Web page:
Friday, 30 August 2013

redshank, chimney meadows, morris' manor, posts revisited, more holiday reading, tales out of school





































Walked to Shifford Lock on Wednesday (top four photos) and to Kelmscott from Grafton Lock yesterday. Lovely to see lots of redshank in flower on the edges of Chimney Meadows, close by the Thames (top photo). The summer views along that stretch of the river now are so different to those snowy ones on 27th December 2010.

Meanwhile, a fresh crop of reeds are growing just below William Morris' manor--last season's were photographed on this walk on 7th April this year.

A couple of things relating to pics from recent posts. According to my brother-in-law, linseed is left on the field for several weeks after ripening so that the stalks soften down (see preceding post). They are like wire otherwise and would be hard to harvest. Also, looking at that photo of what I referred to as plums (three posts back), I can see I was wrong--they must be some sort of crab apple.

Enjoying The Penguin History of Latin America by Edwin Williamson, which is such a readable book to dip into. Williamson's style is old-fashioned enough to have immediate authority but contemporary enough to be immediately accessible. He also tells a good story, his narratives carrying you along as he picks out telling details and guides you through the history rather than forcing his opinions upon you. There is plenty of space in which to make up your own mind about what happened. I like his occasional understatements. At one point he writes of Hernán Cortés, 'But on his return to Tenochtitlán he found the Spaniards at bay and the Aztecs in a belligerent mood.' I imagine they were furious!

Benjamin Taylor's Naples Declared is hugely enjoyable too. His prose reminds me of Jan Morris' in her Oxford and Venice books. It is described on the back cover as 'a work of voluptuous erudition', although this phrase suggests to me that the narrative might be overly rich, which it certainly isn't. The narrative is light and beguilingly simple, the erudition coming into play with the choice of just the right unusual word or Italian phrase being used sparingly here and there.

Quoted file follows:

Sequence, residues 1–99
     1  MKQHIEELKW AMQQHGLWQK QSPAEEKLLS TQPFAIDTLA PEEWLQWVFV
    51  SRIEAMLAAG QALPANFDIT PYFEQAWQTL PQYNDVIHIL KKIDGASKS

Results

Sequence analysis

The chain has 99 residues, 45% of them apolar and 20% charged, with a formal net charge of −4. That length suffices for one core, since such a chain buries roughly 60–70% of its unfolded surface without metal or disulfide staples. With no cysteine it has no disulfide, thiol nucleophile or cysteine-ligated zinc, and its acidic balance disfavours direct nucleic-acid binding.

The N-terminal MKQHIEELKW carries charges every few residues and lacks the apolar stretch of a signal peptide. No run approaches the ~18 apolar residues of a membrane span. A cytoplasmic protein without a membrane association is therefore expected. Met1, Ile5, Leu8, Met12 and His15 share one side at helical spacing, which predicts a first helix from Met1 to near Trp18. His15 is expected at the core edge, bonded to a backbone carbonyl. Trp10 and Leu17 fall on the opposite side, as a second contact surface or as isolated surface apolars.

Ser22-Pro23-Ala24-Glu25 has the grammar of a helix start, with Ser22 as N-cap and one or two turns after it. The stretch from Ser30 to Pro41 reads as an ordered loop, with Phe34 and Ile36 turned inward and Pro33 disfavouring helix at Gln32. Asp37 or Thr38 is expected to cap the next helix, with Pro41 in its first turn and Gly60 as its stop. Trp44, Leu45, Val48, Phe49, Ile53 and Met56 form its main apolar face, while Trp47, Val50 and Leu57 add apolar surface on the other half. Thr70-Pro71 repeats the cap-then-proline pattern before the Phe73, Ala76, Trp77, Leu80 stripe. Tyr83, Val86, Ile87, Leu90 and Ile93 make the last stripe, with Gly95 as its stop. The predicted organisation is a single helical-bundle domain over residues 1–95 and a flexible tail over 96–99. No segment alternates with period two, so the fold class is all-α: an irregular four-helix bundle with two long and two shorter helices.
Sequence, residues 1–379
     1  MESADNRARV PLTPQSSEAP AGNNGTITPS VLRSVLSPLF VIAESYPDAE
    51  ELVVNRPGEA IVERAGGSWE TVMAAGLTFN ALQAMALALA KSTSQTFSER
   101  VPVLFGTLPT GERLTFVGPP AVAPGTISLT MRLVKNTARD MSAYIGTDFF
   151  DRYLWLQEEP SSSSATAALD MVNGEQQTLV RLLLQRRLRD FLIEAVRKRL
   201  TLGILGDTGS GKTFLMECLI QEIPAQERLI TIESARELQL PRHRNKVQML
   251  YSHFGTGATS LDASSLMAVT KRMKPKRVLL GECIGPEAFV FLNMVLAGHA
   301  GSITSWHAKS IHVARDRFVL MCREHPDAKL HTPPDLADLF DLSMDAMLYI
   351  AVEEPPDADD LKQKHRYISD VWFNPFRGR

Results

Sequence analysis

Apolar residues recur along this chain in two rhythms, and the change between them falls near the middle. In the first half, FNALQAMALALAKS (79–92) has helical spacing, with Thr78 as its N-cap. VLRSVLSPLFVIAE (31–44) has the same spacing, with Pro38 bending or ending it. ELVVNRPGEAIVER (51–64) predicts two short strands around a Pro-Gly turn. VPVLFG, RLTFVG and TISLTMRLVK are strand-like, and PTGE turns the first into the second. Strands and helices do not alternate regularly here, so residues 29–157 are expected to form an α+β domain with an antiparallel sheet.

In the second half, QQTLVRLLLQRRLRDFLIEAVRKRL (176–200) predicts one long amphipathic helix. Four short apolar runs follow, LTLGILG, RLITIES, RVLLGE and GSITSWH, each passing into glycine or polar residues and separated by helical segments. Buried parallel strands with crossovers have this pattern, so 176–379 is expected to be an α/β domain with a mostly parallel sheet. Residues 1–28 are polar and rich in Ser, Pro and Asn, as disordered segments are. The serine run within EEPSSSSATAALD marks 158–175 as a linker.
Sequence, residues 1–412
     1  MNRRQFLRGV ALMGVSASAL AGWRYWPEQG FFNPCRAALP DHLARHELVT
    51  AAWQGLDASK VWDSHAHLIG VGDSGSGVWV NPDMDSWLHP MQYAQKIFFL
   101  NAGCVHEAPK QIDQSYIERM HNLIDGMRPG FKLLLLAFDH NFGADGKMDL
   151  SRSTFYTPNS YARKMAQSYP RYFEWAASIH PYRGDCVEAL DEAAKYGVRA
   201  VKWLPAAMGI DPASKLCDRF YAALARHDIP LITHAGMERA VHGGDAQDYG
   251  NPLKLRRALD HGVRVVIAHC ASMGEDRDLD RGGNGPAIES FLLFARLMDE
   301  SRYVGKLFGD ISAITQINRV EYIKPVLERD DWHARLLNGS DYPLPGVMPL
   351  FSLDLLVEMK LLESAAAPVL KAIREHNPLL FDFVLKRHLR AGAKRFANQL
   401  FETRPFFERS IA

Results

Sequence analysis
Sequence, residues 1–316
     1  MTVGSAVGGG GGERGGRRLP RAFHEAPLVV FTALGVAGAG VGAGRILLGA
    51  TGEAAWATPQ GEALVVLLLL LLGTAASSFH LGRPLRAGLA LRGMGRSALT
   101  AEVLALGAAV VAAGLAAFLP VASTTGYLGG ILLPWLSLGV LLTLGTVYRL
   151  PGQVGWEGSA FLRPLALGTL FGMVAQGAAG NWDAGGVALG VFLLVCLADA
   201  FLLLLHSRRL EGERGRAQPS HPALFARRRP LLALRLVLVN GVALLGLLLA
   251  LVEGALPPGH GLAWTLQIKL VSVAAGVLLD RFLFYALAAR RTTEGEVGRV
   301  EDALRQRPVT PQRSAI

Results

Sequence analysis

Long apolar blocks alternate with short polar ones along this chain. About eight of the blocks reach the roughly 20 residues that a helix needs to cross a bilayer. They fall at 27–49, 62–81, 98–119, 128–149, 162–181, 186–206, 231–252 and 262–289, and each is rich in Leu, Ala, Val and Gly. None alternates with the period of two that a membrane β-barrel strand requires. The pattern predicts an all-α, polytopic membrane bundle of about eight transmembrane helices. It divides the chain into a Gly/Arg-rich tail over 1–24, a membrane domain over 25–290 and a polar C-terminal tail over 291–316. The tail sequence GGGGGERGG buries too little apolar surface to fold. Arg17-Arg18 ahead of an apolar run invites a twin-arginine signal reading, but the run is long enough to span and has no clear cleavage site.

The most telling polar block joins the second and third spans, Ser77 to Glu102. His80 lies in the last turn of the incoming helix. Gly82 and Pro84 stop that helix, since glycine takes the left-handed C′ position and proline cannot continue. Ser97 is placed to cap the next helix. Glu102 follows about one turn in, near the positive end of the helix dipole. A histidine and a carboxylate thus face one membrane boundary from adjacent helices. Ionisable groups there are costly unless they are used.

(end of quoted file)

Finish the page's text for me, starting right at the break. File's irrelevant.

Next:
Back in 1996 I reviewed Taylor's episodic novel Tales Out of School for the Time Literary Supplement. My concluding para went as follows: 'The novel's form necessitates a pared-down style, yet its effects are, by turns, dryly humorous and moving, learned and colloquial, the tone lyrical, and the descriptions richly suggestive, particularly of landscape. Taylor's vision is an idealistic one, but it is none the less effective.'

Tuesday, 27 August 2013

lovely walk, linseed, al fresco, penguin history of la

































Lovely walk into the Thames Valley from the village this morning. Intrigued to see the linseed fields ready for harvest - see pic of one of these fields in flower earlier in the year.

Meanwhile, al fresco breakfast and lunch in the garden. Plus reading The Penguin History of Latin America - an extra on the holiday book list.
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A Conscious Englishman by Magaret Keeping - StreetBooks Kindle edition published 16.08.13 - visit http://www.streetbooks.co.uk for details